• Motivation. A paragraph on how you will benefit from this workshop. Please clearly indicate your specific developmental needs (e.g., developing methodology, analyzing data, theorizing from data, improving presentation, choosing a publication outlet, addressing reviewers’ feedback, etc.). In the letter you need to specify if the paper is submitted for the roundtables pertaining to the AMLE Special Issue or general paradox research.

  • A draft/working paper with max. 10 double-spaced pages (typed using a twelve-point Times New Roman font, with margins of at least one-inch), including references, figures, or tables. A full draft of the paper is due two weeks prior to the workshop.


  • Carmine, S., & De Marchi, V. (2022): “Reviewing paradox theory in corporate sustainability toward a systems perspective.” Journal of Business Ethics, https://link.springer.com/article/10.1007/s10551-022-05112-2
  • Hahn, T., Figge, F., Pinkse, J., & Preuss, L. (2018): “A paradox perspective on corporate sustainability: Descriptive, instrumental, and normative aspects.” Journal of Business Ethics, 148 (2), 235–248.
  • Lüscher, L.S., & Lewis, M.W. (2008): “Organizational change and managerial sensemaking: Working through paradox.” Academy of Management Journal, 51 (2), 221–240.
  • Pradies, C., Aust, I., Bednarek, R., Brandl, J., Carmine, S., et al. (2021): “The lived experience of paradox: How individuals navigate tensions during the pandemic crisis.” Journal of Management Inquiry, 30 (2), 154–167.
  • Pradies, C., Tunarosa, A., Lewis, M.W., & Courtois, J. (2021): “From vicious to virtuous paradox dynamics: The social-symbolic work of supporting actors.” Organization Studies, 42(8), 1241–1263.
  • Schad, J., Lewis, M.W., Raisch, S., & Smith, W.K. (2016): “Paradox research in management science: Looking back to move forward.” Academy of Management Annals, 10 (1), 5–64.
  • Sharma, G., Bartunek, J., Buzzanell, P.M., Carmine, S., Endres, et al. (2021): “A paradox approach to societal tensions during the pandemic crisis.” Journal of Management Inquiry, 30 (2), 121–137.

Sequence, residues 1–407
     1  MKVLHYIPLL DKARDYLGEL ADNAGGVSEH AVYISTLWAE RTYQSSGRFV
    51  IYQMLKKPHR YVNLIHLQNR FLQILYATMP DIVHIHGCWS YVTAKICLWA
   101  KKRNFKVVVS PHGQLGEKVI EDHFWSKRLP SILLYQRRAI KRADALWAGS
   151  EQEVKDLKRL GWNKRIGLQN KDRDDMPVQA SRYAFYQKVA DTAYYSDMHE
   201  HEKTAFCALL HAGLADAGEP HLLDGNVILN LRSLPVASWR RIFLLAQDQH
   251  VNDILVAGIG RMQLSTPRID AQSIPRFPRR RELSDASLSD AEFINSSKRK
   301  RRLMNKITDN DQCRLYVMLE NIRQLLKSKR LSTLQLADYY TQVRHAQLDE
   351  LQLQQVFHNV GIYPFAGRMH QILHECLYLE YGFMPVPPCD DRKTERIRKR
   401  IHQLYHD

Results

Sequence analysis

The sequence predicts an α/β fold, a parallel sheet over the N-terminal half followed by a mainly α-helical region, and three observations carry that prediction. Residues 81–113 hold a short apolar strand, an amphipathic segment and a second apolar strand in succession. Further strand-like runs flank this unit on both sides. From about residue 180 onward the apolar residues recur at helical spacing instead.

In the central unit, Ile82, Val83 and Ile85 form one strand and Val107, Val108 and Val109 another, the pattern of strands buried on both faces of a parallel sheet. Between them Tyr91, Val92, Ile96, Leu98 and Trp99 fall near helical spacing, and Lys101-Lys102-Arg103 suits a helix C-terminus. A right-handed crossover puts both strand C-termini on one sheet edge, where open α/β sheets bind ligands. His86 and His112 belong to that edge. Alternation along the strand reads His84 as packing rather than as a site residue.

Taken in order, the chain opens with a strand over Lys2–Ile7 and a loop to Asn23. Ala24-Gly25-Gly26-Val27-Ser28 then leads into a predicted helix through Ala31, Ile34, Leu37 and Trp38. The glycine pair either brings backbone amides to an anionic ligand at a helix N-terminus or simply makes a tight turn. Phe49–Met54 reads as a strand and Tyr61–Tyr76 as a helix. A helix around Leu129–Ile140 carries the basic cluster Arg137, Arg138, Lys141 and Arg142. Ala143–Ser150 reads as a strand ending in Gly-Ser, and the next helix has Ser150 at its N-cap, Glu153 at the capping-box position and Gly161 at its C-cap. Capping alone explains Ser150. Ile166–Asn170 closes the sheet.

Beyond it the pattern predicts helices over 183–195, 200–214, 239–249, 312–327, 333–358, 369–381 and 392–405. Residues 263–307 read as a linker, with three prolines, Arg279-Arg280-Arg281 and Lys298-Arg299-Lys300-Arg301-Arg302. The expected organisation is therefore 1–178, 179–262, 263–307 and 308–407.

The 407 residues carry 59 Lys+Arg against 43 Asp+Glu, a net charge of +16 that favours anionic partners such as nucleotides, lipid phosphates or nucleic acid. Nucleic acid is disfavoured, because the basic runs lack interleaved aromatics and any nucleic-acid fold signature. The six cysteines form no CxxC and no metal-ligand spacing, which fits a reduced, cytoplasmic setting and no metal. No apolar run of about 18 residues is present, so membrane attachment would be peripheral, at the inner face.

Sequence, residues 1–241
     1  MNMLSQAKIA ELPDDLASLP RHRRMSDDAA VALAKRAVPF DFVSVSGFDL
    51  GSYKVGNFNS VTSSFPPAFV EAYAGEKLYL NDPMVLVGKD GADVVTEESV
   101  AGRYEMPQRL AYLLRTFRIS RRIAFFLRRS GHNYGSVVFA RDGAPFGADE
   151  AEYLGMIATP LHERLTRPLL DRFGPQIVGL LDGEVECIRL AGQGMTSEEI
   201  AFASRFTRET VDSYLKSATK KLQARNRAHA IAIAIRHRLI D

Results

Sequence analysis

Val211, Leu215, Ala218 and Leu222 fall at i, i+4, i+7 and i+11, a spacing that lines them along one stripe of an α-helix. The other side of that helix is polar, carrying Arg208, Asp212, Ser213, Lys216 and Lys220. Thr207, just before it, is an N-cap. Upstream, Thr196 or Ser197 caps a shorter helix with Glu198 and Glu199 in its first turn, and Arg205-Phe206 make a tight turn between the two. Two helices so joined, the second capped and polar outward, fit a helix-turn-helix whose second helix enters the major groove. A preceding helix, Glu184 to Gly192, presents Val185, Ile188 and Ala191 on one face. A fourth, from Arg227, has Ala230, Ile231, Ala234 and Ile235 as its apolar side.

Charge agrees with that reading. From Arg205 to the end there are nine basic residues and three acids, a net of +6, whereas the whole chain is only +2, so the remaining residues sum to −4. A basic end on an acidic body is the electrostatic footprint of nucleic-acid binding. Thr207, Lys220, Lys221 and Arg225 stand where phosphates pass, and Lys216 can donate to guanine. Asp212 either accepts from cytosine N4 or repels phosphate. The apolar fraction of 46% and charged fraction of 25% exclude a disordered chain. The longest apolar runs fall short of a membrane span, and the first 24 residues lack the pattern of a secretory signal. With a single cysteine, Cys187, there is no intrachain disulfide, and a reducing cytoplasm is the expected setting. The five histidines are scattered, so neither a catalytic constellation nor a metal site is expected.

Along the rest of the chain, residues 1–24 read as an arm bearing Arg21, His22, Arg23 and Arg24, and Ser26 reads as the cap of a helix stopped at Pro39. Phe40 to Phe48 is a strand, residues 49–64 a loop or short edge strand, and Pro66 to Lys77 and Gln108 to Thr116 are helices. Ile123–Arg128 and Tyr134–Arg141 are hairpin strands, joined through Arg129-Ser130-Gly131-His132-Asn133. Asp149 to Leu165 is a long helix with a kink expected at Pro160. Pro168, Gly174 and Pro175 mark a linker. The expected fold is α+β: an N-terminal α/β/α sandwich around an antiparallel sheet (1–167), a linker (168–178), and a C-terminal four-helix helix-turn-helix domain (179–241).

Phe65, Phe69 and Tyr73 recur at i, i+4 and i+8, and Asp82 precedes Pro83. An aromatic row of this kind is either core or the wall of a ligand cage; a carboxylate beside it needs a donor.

Marco Berti is an Associate Professor of Management at UTS Business School, Sydney, Australia. His professional background is in management consulting, while his main academic contributions focus on advancing organizational theory. Marco’s work on organizational paradox, sociology of knowledge, hybrid organizing, and management education has been published in academic journals such as ‘Academy of Management Review,’ ‘Organization Studies’, ‘Journal of Management Studies’, or ‘Academy of Management Learning and Education’.
Simone Carmine is a post-doctoral researcher at the University of Padova, Italy. His research lies at the intersection of sustainability and paradox theory aiming at understanding the management and outcomes of sustainability tensions. His research has been published in ‘Journal of Business Ethics’, ‘Journal of Management Studies’, and ‘Journal of Management Inquiry’. Simone has been co-founder and chair of Sustainability PhD Community (2020–2021).
Katrin Heucher is an Assistant Professor at the Department of Innovation Management and Strategy at the University of Groningen, The Netherlands. Her work research lies at the intersection between organizational sustainability and paradox and has received several awards. In exploring phenomena of organizational sustainability efforts empirically, Katrin uses qualitative methods and, in particular, ethnographic research.
Camille Pradies is an Associate Professor of Management at EDHEC Business School, France. Her research focuses on paradoxes and emotions such as ambivalence at the individual and group levels and on the organizational and institutional conditions that influence them. Camille’s research has been published or is forthcoming in academic journals such as ‘Academy of Management Journal,’ ‘Organization Science,’ ‘Organization Studies’, or ‘Management Learning’.
Jonathan Schad is an Associate Professor in Strategy and Organization at the School of Business and Economics, Vrije Universiteit Amsterdam, The Netherlands. His work on paradox has been published in outlets such as the ‘Academy of Management Annals’, ‘Journal of Management Studies’, and ‘Strategic Organization’.
Harald Tuckermann is Professor for Managing Pluralistic Organizations at the University of St. Gallen, Switzerland. He studies decision-making as process using paradox theories in pluralistic organizations like hospitals. Harald’s interests also include dialogue, advancing executive education and the relationship of practice and research. His publication mirror these interests and occur in academic journals like ‘Organization Studies’ and in practitioner outlets for healthcare professionals.